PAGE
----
SEC coaches want to pay players out of their own pockets

At a time when allegations of improper benefits have taken down one of college football's most respected coaches in Jim Tressel, you'd think other Leaders of Men wouldn't be so eager to admit to thinking about committing violations. But Steve Spurrier has never been like most coaches. 

According to Matt Hayes of the Sporting News, Spurrier says he and six other coaches in the SEC have discussed a plan to pay players $300 per game out of their own pockets.

Spurrier says he's gotten support from Alabama's Nick Saban, LSU's Les Miles, Florida's Will Muschamp, Mississippi State's Dan Mullen, Ole Miss' Houston Nutt and Tennessee's Derek Dooley. He also said that he was willing to narc on coaches who weren't down with the plan.

Not sure if Spurrier has gotten the memo, but paying players is against the rules. If you believe him, his intentions are good. He tells Hayes that he's looking for a "way of giving the players a piece of the pie." Even if South Park has started taking aim at the hypocrisy of the NCAA, this certainly isn't the way to do it.

Aside from the obvious violations of the NCAA's amateurism rules (stop laughing), there are major issues with giving SEC schools a huge advantage in recruiting. That advantage would be polarizing even within the conference. Coaches like Spurrier, Saban and Miles command enough of a salary that they can afford to dish out an allowance to their players. It's hard to imagine that every coach in the conference could do the same. 

There's also the issue of Title IX. If football players are going to start receiving a little extra something, you can bet that a lawsuit will be filed immediately on behalf of female athletes in the name of fairness. 

Even before contemplating those issues, it's curious why Spurrier would take this moment to bring up such a topic. The NCAA has its antennae up and is sure to give it some attention. Then again, Spurrier has always been pretty good at using the media to get his point out, so there very well could be a method in his madness.


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  2. I find it absurd to pay players. Over and above the benefit of free schooling, imagine what it would cost a player for the 4 years (or more) of coaching? The four years of strength training and the facilities to do so? Four years at the training table?

    I have a friend who is training for a triathlon. He pays well over $500 a month for a coach. This is strictly coaching costs. If training equipment is needed, my friend buys it. Special diet? Additional cost. Point is, the coaching, strength training, meals, training supplements,and facilities are worth 10s of thousand of dollars a year if not more. Pay them cash too? Get real. These players don't know how good they have it. Those not good enough for the Pros will find out soon.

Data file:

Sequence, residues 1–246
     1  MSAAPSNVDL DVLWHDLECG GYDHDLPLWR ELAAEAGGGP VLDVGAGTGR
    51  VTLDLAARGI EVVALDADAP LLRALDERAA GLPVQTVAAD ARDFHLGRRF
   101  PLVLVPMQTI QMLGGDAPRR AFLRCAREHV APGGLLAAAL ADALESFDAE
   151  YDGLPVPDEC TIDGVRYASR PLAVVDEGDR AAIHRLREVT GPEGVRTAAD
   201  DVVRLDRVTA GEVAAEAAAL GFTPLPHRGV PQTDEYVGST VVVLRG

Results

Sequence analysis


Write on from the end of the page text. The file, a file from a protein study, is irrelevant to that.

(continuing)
3. As a former college athlete, I think this is a great idea. The players generate a tremendous amount of revenue for many of the major college programs. Especially those in conferences like the SEC, Big Ten, Pac 12, Big East and ACC. Many of the players, especially football and basketball, come from poor families and thus don't receive the type of financial support from their families that many college students receive. Students can not live on food, school, and sports alone. Also they don't have time to work, as their "job" is the sport they participate in.

  4. So the players with be employees of the coaches, is that not correct? Maybe Mr. Spurrier has forgotten these kids already draw a salary in the way of an education. CHRIS who says he's a former college athlete, needs to remember just as much as poor kids don't get the same support from their families, so also will the same occur with schools who have less of a budget and coaches who already deal with athletic parity may not have the funds to pay kids to play. We then would have to deal with the boosters all over again who engage kids with other sordid activities. Regardless, the simple fact is; that this just opens a can of worms that doesn't need to be opened. If it happens, I cringe at the fallout to come.